Average velocity of human case emergence was calculated by taking the mean speeds and directions of each vector of spread, as represented by x and y coordinates, across all municipalities where Lyme disease was documented. The average northern spread of Lyme disease was then estimated by y coordinates alone to represent 0° to the North.

2.3. Cluster Analysis

The SaTScan software was used to detect statistically significant clusters of Lyme disease in Québec from 2004 to 2018 for all municipalities having reported at least one Lyme disease case during the study period. SaTScan uses a circular window over the study region with a user-defined radius and across time and/or space, to calculate the difference between observed and expected cases [46]. We used a discrete Poisson model to identify spatiotemporal and spatial clusters that could overlap. The analysis was conducted using both the date of notification and the date of symptom onset.
For this analysis, the total number of cases per municipality per year were included along with the average population per municipality over the study period and the centroids of each municipality. The temporal unit was specified in years as Lyme disease incidence is generally low in Québec. We specified the cluster size to be no more than 15% of the Québec population at risk, within circles with a maximum radius of 25 km. This was chosen as we did not want to identify overly large clusters that may overlap non-endemic areas [47]. A relative risk (RR) was estimated for each significant cluster, which provided the risk of LD within the cluster relative to the risk outside the cluster. The RR is calculated by dividing the observed cases with the expected cases within the cluster, the result of which is then divided with the observed cases divided by the expected cases outside the cluster, as represented by the following formula:
RR = c / E [ c ] ( C c ) / ( C E [ c ] )
where c = observed cases within the cluster, E[c] = expected number of cases, and C = total number of cases in the dataset. The clusters were then mapped using QGIS 3.4.2.

3. Results

From 2006 to 2018, there were 727 confirmed or probable cases of Lyme disease from 138 of 1476 municipalities in Québec. Cases reported between 2004 and 2005 were either acquired outside the province or had unknown locations of exposure. The total number of annual cases reported between 2006 and 2012 was low (between 1 and 13 cases reported each year), with the first locally acquired cases appearing in the municipality of Coaticook in Estrie. Being geographically near the border, it is probable that these cases were imported from the US by migrating tick reservoirs. There was a significant increase in the number of cases in 2013, 2015, and 2017 relative to their previous years. The highest observed number of cases was in 2017 with 212 reports, more than twice the number in 2016 (Figure 2).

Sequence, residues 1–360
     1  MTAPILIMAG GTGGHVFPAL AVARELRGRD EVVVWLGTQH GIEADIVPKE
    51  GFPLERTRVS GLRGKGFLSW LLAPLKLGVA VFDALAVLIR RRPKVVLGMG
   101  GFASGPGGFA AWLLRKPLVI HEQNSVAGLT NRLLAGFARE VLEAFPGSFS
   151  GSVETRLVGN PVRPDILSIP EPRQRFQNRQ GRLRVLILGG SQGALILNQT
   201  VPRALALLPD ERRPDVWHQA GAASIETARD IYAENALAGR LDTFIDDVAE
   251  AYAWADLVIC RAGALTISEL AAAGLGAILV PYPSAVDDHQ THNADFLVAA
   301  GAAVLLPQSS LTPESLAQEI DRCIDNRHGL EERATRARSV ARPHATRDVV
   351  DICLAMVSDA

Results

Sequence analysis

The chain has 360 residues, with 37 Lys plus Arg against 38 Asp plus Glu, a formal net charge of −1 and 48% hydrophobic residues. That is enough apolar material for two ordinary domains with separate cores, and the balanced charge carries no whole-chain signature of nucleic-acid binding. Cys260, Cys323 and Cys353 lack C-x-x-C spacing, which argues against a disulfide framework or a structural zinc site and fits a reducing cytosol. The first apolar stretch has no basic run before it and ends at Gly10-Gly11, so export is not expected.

Nearly 71% of cases were acquired in the regions of Montérégie and Estrie. The municipality with the highest number of cases was Bromont in Estrie (n = 138), while most of the affected municipalities (71%) had fewer than 10 cases (Figure 3). There is a bimodal distribution of cases amongst those aged 1–19 and 50–69, while the latter represented the highest reporting frequency (Table 2). Men also accounted for 57% of all cases and were statistically more at risk than women of being exposed to Lyme disease (RR = 1.34 [CI95: 1.16–1.55]). Cases were frequently reported several weeks, and in some cases years, after the onset of symptoms. The average difference between the appearance of symptoms and medical consultation was two months, with a standard deviation of 148 days. The date of symptom onset was missing for 34 cases. Cumulative number of Lyme disease cases by date of symptom onset are presented in the Supplementary Materials (Figure S1).

3.1. Surface Trend Analysis

For all six surface trend analyses, the best fit model was a third order polynomial linear model. Results of the analyses for all LD cases reported over the entire study period based on symptom onset date and notification date are described in the main text. Detailed information on the remaining four analyses (A2, A3, B2, B3) are included in Supplemental Materials (Figures S2–S5), and a summary of all six models is presented in Table 3.
The estimated velocity of human Lyme disease spread was northward for both model A1 (Figure 4) and B1 (Figure 5). The speed of northern emergence was more rapid in the model using the date of symptom onset, estimated at 32 km/year, and 18 km/year in the model using the date of notification. For the majority of municipalities, the speed of Lyme disease introduction was less than 50 km/year. In general, the speed of emergence increased the further north a municipality was located, as seen in many neighboring the St-Lawrence River, with speeds varying between 50–100 km/year. Emergence was particularly accelerated in municipalities located within the administrative regions of Outaouais, Lanaudière, and the Laurentians, varying between 100–600 km/year. There was an outlying municipality with a speed of emergence of 2950 km/year in Beauceville, in the Chaudière-Appalaches administrative region as estimated by model B1.

3.2. Cluster Analysis